READ MORE: How to Help Anxious Children To Swim

Parent’s call

Three of the duties of a parent are guidance, protection and provision. These three duties and key when a child takes swimming lessons. The parent should guide the child in making the right decisions, protect them from all forms of harm and provide everything that is needed to make the lessons a success.

When parents decide when to end their child’s swimming lessons, safety should be the primary consideration. And this should be all-round safety; body, mind and spirit.

Knowing when to end swimming lessons also means understanding when the child has developed the skills to swim safely. It’s important to remember that swimming is a lifelong skill that can be enjoyed as they grow up.

Did you have any deliverables when the lessons started? If these have been satisfactorily achieved, you can stop the swimming lessons

For instance, when they reach a level of competence and can stay afloat in the water – if this was the deliverable – then parents can decide to stop swimming lessons.

Parents should also consider the age of the child, as well as the environment in which they will be swimming. Once they have a good grasp of the basics and understand the safety guidelines, they can decide to end lessons and begin to explore swimming on their own.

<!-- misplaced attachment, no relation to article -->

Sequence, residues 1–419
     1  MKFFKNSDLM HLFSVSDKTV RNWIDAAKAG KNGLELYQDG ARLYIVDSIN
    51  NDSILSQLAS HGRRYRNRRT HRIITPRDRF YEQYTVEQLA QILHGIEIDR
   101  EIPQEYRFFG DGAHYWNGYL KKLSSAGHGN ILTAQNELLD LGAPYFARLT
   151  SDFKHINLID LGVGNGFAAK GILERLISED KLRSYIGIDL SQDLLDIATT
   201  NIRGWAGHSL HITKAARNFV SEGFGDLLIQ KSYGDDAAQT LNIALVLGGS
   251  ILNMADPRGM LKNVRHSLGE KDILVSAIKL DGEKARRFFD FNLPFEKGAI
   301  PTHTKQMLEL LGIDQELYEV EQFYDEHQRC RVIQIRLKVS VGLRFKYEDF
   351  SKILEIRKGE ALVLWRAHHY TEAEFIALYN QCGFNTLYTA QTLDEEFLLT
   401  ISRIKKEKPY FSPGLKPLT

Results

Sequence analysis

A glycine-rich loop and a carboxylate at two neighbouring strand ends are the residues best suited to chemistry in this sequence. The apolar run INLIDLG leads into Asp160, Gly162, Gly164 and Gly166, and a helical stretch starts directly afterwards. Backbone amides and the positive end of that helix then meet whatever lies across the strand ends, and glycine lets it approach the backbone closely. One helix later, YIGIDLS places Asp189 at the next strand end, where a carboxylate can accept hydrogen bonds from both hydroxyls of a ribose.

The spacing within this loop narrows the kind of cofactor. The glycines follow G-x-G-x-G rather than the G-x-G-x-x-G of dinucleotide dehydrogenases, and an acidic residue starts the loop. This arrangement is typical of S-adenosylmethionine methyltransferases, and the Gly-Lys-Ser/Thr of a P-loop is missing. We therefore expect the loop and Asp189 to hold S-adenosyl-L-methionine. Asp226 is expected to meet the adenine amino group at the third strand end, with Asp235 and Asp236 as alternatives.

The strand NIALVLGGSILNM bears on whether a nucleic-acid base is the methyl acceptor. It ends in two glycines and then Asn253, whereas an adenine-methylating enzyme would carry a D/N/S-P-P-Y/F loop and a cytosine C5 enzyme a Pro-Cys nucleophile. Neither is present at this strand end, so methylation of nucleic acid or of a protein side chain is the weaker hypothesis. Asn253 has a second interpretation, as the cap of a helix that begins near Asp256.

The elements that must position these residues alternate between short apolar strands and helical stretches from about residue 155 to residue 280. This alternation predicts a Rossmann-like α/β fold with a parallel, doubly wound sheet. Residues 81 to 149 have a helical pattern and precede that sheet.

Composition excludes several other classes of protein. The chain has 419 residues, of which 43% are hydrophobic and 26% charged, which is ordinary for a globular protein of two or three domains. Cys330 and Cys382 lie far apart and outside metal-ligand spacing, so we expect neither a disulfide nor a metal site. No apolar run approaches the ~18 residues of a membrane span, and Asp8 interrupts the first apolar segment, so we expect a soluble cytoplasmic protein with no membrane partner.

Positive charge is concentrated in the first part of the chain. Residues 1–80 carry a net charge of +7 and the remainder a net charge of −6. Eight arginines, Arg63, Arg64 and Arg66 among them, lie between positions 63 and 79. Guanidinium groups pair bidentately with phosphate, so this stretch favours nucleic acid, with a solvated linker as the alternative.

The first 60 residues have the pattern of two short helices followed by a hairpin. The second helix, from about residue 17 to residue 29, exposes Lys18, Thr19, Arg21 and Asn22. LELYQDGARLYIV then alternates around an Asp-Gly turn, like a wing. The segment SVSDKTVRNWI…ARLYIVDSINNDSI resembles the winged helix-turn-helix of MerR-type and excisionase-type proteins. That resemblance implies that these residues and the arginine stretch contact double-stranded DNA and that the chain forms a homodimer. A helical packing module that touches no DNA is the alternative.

It can be difficult to know when to stop swimming lessons for your child. Ultimately, however hard it is, the decision should be made by the parents.

READ MORE: How To Prepare For Summer Holiday Swimming Lessons At Home

Instructor’s call

The swimming instructor’s decision is important when it comes to deciding when to stop swimming lessons. While the parents may have a good idea of what their child is capable of, the swimming instructor is the expert and has the knowledge and experience of the sport to make an informed decision.

They will be able to assess the level of progress and advise parents on the best course of action. They can also suggest other areas of improvement that may be beneficial to the child and can use their expertise to recommend activities that will help them further develop their swimming skills.